And to make good decisions you also need something else……
You need to be healthy in the first place.
Health, both mental and physical has a significant impact on the way we think and feel. It impacts the way we perceive information and the way we make decisions.
For example when you are sick you interpret information in one way. And your decisions will be skewed accordingly.
When you are healthy and feel good, the same information is received differently. The decision of the healthy person can and will likely be completely different as well.
All decisions are emotional at their very core so understanding that your interpretation will be shaped by how you feel is important.
So how do you help to shape your decision making and emotional interpretation?
You take steps to stay as healthy as possible.
Lifestyle choices are the forgotten investment
In investing terms you are always told to keep some money aside in case of an emergency. To have some liquid assets or cash equivalents in case of an adverse event.
But too many people fail to do this with their own personal health.
When you are fit, getting sick or an injury is an aberration. Your fitness provides an advantage helping you to recover faster. It gives you the mental toughness and discipline to get back to where you were. Move forward.
(Provided you are not over training and burn yourself out.)
The healthy person will be able to interpret information better. Weather an adverse situation better. They will be able to make better decisions. They will rarely feel like they are under threat. Their path to personal independence is more likely.
Because they are investing in their future through lifestyle choices.
On the other hand when you aren’t healthy. Maybe overweight. On lots of pills. Lots of personal bad habits. Poor sleep……
Getting sick isn’t an aberration. It’s an ongoing problem. It shapes everything you do.
It creates anxiety and fear. Caution.
Every health insult brings you lower.
Your ability to perform is affected. You can never think clearly.
Your vitality is under constant threat. You are dependent on pills. Your mental health suffers.
How do you think this might affect your financial decisions, never mind all the other decisions you are making?
How might every bit of information be perceived? How will this affect every decision you make?
And most importantly, how will this shape your ability to be personally and financially independent in the future?
You own a bank. Start making deposits
Your mental and physical health are your own personal bank.
When you eat well. Train physically (I hate the term exercise but if it works for you read it here). Get adequate rest. Don’t overdo it too often. And look after social relationships you make deposits into your own personal health bank.
These deposits might be accumulating over a long period of time before you need them.
But when something happens. An unexpected event, you have something to draw from the bank.
You can manage better. Make better decisions. Recover faster and move on.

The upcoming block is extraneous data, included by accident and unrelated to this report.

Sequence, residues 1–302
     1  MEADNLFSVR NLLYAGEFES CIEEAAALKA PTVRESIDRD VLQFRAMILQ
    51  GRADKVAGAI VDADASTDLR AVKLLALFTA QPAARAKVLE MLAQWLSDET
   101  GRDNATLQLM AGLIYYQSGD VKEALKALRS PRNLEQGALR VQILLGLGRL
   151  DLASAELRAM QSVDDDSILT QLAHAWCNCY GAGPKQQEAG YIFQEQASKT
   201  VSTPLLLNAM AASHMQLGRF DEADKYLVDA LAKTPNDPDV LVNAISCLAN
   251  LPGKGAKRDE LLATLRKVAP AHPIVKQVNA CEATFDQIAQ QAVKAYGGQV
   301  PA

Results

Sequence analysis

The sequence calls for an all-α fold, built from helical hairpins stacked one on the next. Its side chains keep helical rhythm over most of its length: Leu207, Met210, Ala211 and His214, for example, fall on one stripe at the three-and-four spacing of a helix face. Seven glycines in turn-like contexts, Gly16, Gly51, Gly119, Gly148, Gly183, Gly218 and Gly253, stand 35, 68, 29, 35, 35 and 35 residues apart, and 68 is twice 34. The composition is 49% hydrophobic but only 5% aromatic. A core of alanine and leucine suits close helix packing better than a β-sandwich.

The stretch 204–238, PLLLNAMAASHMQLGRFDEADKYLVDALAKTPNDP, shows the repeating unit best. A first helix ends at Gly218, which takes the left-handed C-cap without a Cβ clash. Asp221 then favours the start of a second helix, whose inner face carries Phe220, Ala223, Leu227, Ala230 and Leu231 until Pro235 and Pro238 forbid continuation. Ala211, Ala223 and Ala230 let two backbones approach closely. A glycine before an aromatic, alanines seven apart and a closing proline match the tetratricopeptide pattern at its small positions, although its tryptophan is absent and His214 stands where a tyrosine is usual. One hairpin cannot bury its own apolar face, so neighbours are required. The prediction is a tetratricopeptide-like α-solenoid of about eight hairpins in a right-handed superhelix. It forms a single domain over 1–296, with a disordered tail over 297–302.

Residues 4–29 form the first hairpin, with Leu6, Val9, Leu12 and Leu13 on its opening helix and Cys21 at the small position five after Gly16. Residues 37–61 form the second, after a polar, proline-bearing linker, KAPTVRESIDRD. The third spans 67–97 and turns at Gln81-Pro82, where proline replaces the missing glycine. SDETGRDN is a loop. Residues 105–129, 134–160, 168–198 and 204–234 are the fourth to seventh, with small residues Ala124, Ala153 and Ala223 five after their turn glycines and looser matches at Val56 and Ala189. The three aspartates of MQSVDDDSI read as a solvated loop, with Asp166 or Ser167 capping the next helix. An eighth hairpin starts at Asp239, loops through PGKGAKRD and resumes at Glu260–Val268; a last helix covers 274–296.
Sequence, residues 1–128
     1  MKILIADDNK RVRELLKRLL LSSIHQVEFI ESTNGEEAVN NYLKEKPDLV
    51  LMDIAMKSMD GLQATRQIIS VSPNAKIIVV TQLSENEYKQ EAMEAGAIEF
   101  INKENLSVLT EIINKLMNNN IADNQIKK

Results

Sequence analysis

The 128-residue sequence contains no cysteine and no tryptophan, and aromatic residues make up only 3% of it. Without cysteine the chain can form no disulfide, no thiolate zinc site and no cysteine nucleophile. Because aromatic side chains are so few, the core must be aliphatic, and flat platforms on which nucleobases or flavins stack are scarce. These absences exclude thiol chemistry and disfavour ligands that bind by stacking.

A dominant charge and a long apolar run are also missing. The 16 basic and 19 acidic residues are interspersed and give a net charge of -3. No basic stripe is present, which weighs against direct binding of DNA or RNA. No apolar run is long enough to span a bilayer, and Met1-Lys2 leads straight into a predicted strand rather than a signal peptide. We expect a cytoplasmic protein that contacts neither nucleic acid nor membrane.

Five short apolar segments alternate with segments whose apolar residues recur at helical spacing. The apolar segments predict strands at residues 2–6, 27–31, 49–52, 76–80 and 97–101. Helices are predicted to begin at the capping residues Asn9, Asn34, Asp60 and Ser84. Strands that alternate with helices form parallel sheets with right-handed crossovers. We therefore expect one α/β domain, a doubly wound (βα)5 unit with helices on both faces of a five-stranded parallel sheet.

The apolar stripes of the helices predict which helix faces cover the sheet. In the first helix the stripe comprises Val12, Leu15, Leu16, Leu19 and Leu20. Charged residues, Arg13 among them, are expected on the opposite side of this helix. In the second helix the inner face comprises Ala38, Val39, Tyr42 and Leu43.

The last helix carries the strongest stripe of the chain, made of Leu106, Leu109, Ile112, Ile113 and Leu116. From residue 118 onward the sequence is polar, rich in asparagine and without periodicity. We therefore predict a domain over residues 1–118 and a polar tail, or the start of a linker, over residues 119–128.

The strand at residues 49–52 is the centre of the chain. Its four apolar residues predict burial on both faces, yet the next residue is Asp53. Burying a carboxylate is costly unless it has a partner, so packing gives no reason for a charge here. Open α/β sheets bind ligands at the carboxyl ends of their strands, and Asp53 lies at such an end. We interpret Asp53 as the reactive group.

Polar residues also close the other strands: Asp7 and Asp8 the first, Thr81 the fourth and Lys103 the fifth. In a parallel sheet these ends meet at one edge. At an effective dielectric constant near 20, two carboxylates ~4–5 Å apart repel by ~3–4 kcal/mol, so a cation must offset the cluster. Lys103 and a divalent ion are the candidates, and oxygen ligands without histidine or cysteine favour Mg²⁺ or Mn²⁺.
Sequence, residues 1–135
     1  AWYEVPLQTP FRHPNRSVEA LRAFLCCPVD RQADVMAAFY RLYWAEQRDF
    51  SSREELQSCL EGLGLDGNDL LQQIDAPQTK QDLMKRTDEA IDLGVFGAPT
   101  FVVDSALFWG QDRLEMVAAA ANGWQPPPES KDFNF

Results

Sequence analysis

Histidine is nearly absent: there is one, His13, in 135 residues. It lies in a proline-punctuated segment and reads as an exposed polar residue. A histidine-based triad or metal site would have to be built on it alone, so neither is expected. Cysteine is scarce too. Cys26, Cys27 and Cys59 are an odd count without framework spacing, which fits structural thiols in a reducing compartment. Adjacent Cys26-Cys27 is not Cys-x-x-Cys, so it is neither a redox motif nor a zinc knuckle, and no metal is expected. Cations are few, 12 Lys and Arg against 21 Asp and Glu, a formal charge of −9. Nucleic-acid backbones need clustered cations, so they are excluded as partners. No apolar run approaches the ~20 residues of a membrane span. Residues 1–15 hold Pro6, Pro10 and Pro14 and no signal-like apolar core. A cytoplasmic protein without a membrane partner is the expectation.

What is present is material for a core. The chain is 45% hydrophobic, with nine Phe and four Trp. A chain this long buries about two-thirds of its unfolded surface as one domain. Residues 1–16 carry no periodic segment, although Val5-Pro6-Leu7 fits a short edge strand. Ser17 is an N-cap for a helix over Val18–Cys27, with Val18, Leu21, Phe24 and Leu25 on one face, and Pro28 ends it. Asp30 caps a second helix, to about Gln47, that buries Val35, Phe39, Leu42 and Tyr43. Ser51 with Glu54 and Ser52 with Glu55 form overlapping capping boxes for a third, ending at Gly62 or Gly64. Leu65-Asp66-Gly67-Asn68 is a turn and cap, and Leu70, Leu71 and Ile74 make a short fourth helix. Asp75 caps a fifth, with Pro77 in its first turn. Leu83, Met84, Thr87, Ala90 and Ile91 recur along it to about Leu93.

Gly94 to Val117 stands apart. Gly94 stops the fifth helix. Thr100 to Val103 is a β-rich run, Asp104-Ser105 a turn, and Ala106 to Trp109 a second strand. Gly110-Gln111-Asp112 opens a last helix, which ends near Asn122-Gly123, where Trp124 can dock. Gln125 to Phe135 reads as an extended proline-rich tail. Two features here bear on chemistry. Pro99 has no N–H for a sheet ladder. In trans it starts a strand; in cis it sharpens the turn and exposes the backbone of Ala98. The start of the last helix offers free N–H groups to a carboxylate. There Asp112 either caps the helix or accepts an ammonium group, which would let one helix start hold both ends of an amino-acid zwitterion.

Your ability to achieve personal independence is more likely when you are making more lifestyle deposits to your personal health bank than withdrawals.
So for example you need to eat properly. Proper eating helps shape a variety of health metrics like your weight. Your recovery. Your digestion and ability to sleep. It affects your mental health.
And therefore the way you eat by itself can shape your decision making.
If you eat properly it’s also a lot easier to be active. To train (or exercise). People that eat properly don’t tend to be tired all of time. And don’t spend all of their time obsessing about food and eating.
Active people enhance their personal vitality both mental and physical. This reduces stress and anxiety.
But in order to get the benefits of training or exercise, one needs to rest.
Appropriate rest between efforts and after hard work is essential to clear thinking, health and vitality. You can only “burn the candle at both ends” for so long before something goes wrong.
Be personally independent, not just financially independent
Having a good lifestyle long term is like having an all-weather investment portfolio.
It gives you a margin of safety when various things inevitably go wrong. Allowing you to make better decisions under conditions of increased uncertainty and duress. The kind of decisions you need to make for future independence.
Because retirement is an unknown event. Something in the future that is a target without any known parameters.
No one knows at what age you will retire or even if you want to then. Maybe you feel you can’t afford to financially. Or mentally.
Looking ahead to retirement, an event you have no experience with, there is no way of knowing what that will actually be.
You may have lots of money but spend much of your time managing pain and chronic disease.
You may be financially independent but personally dependent limiting your choices. Altering your decision making.
Investors are counseled to balance risks with expected returns. To diversify their portfolio. To build for the future by staying the course and adjusting periodically.
You are advised not to do anything rash and emotional. To be rational.
And if you are going to be rational about your finances, doesn’t it make sense to pursue personal independence through rational long term lifestyle choices?
To balance the risks of everyday life, aging and unexpected circumstance with choices that will help you weather them better. To help you incorporate financial independence into your overall personal independence.
Allowing you not just to assume that the future will be bright, perfect and unencumbered. But rather to build for that future in your personal circumstances while you build your financial future.
Financial independence is simply one part of a bigger picture.
Personal independence should be your ultimate goal.
Freelance Financial Copywriter